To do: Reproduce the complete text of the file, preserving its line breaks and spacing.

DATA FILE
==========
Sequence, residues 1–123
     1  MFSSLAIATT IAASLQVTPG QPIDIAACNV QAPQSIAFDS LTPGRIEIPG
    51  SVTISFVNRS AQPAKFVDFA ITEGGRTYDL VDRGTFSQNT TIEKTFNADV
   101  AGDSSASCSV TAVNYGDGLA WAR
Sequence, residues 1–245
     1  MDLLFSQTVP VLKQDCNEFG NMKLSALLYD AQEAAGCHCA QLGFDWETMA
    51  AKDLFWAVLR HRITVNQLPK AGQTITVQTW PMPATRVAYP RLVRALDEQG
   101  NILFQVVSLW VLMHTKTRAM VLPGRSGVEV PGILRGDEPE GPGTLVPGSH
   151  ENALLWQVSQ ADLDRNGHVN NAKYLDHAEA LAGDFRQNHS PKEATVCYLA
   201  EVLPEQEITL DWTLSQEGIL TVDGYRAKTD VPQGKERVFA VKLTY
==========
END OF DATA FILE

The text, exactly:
Sequence, residues 1–123
     1  MFSSLAIATT IAASLQVTPG QPIDIAACNV QAPQSIAFDS LTPGRIEIPG
    51  SVTISFVNRS AQPAKFVDFA ITEGGRTYDL VDRGTFSQNT TIEKTFNADV
   101  AGDSSASCSV TAVNYGDGLA WAR
Sequence, residues 1–245
     1  MDLLFSQTVP VLKQDCNEFG NMKLSALLYD AQEAAGCHCA QLGFDWETMA
    51  AKDLFWAVLR HRITVNQLPK AGQTITVQTW PMPATRVAYP RLVRALDEQG
   101  NILFQVVSLW VLMHTKTRAM VLPGRSGVEV PGILRGDEPE GPGTLVPGSH
   151  ENALLWQVSQ ADLDRNGHVN NAKYLDHAEA LAGDFRQNHS PKEATVCYLA
   201  EVLPEQEITL DWTLSQEGIL TVDGYRAKTD VPQGKERVFA VKLTY